Chapter 7 Summary and Analysis
Ikemefuna has been living with Okonkwo's family for three years. He has been a good influence on Nwoye, Okonkwo's eldest son, whom Okonkwo thinks weak. Though Nwoye shows definite improvement, he stills dislikes the thought of bloodshed and prefers the folktales that his mother used to tell him about the Earth and the Sky and their heated quarrel. Then one day locusts come to Umuofia, and the villagers go out every night to collect cicadas and roast them for snacks.
This event is immediately followed by the bad news that Ikemefuna will be sacrificed, according to the will of Agbala. Ogbuefi Ezeudu informs Okonkwo of this, warning him not to have a hand in Ikemefuna's death, because it would be wrong, given that the boy calls him "father." Okonkwo lies to Ikemefuna, telling him that he's to be taken back to his village of Mbaino. During the long journey to his homeland, Ikemefuna is surprised when some of the men in their group attempt to kill him. He runs to Okonkwo for help, crying, "My father, they have killed me!" But Okonkwo strikes him down for fear of looking weak.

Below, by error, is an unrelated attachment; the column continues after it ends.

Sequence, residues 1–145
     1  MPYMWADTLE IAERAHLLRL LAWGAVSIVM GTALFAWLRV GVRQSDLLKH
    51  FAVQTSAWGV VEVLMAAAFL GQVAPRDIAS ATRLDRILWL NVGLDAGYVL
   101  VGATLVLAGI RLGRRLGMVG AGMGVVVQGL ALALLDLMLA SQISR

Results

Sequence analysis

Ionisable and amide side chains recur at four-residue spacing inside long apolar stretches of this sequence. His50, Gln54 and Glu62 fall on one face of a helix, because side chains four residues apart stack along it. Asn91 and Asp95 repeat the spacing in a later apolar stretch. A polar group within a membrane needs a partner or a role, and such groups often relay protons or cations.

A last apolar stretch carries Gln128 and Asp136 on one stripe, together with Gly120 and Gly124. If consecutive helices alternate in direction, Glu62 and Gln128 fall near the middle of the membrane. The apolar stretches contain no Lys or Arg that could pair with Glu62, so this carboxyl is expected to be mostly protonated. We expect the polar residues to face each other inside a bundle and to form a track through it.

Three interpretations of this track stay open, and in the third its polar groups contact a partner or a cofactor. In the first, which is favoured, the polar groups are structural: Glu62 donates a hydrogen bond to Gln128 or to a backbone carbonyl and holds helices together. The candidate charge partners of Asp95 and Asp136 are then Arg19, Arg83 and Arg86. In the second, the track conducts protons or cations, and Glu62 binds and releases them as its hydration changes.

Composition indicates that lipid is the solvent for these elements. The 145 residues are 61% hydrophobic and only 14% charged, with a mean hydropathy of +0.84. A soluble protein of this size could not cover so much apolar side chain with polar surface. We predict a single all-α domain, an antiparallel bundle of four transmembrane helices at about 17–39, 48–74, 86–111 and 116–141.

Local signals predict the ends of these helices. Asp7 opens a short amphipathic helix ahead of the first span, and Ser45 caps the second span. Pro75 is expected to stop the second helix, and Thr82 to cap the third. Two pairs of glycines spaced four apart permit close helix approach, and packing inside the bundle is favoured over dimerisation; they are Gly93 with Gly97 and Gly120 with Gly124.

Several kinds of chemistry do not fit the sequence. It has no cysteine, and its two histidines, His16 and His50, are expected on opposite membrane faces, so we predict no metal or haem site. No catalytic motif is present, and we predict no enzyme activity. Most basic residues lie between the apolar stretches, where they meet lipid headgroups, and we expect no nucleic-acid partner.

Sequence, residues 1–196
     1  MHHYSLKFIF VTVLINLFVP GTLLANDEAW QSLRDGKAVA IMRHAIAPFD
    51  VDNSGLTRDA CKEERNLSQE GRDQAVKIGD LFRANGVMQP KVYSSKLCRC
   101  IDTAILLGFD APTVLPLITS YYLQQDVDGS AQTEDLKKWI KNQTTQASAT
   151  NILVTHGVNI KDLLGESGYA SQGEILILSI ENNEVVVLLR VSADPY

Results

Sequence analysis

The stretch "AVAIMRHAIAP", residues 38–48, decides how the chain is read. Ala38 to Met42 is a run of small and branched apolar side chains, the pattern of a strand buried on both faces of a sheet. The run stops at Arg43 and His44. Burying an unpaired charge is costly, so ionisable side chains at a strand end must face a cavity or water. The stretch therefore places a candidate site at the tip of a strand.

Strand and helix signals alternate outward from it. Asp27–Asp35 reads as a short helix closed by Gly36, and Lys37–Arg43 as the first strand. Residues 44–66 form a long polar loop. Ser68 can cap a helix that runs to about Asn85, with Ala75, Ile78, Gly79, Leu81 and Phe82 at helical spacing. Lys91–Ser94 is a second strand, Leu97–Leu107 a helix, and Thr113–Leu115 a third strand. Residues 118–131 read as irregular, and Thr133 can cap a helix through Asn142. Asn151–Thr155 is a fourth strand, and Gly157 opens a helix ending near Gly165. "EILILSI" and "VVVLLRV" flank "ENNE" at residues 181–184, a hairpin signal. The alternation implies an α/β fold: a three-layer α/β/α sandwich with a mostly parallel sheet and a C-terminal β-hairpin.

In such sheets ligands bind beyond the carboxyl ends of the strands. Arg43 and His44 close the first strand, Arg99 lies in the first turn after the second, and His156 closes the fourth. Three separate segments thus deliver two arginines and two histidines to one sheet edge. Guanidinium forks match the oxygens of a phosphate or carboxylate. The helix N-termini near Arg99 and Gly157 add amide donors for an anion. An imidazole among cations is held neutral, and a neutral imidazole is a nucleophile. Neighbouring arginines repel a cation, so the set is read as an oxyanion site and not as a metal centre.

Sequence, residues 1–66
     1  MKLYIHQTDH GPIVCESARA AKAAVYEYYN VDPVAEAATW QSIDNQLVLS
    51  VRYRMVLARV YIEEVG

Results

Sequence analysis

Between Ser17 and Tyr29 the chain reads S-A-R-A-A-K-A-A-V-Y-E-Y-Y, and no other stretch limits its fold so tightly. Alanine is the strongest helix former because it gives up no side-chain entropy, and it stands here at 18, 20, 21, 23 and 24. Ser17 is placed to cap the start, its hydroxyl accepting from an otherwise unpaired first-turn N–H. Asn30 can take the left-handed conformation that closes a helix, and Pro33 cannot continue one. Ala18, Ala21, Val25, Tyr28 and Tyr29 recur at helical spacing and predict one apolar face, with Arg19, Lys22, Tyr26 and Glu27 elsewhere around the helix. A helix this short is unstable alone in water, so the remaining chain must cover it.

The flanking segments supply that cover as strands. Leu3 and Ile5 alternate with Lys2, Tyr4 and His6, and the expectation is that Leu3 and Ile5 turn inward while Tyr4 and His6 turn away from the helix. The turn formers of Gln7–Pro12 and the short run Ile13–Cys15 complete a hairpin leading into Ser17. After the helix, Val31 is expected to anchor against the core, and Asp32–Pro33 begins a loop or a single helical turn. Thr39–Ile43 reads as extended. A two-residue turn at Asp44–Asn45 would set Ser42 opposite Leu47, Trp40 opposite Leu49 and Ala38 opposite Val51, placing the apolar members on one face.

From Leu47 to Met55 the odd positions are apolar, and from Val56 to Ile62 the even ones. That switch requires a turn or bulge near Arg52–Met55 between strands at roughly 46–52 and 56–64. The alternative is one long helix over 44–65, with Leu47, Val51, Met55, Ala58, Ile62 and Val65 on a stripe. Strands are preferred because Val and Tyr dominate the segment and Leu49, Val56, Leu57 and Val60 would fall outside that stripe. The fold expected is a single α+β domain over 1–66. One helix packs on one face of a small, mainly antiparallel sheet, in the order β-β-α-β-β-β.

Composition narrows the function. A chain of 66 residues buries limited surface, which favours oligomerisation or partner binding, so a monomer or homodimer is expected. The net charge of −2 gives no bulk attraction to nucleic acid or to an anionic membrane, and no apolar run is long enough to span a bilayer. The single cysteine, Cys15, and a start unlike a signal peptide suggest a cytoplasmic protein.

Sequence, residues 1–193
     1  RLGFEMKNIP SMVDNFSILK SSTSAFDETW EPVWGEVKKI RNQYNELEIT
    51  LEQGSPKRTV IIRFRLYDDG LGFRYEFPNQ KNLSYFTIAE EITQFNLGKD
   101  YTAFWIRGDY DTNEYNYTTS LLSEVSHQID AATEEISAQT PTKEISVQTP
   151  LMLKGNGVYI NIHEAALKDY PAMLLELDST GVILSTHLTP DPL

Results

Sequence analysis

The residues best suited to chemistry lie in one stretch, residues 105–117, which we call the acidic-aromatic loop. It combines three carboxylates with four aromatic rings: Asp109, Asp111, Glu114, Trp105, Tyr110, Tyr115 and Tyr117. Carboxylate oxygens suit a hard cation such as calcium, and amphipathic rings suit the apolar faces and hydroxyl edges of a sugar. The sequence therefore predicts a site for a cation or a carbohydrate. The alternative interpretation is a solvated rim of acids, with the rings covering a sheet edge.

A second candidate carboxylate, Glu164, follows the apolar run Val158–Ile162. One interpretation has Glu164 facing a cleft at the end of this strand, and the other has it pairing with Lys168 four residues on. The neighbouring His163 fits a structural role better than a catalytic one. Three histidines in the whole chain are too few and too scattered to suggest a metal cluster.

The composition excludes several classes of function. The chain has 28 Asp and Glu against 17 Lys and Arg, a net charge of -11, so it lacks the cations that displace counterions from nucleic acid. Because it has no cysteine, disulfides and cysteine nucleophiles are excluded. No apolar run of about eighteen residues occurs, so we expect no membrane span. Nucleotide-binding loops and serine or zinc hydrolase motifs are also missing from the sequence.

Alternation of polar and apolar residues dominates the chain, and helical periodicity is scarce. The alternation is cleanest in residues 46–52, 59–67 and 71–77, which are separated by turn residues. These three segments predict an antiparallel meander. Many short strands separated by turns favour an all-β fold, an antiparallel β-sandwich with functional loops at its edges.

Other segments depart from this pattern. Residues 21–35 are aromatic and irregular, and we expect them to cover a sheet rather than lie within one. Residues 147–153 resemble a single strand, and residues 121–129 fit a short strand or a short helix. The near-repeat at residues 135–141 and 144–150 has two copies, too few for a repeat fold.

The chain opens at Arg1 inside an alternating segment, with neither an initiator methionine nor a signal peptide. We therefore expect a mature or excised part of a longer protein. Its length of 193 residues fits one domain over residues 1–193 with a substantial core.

That night, Okonkwo returns to the village, and Nwoye knows, just by looking at the expression on his face, that Ikemefuna is dead. Something snaps inside Nwoye then, and he will never truly forgive his father.
Earth and Sky. Nwoye's mother tells stories and folktales about the natural world and their gods. In one of these, Earth and Sky, personified as characters with unique and oppositional desires, quarrel over Sky's refusal to bring the rain. Meanwhile, the crops die, and the human beings suffer. In this example, personification is used to suggest that the natural world has intentionality, and that rain and shine are both determined according to the will of the gods and spirits.
Locusts. Like the broken pot, the swarm of locusts is a clear omen of doom. Achebe calls the first swarm "harbingers sent to survey the land," where a harbinger is a kind...
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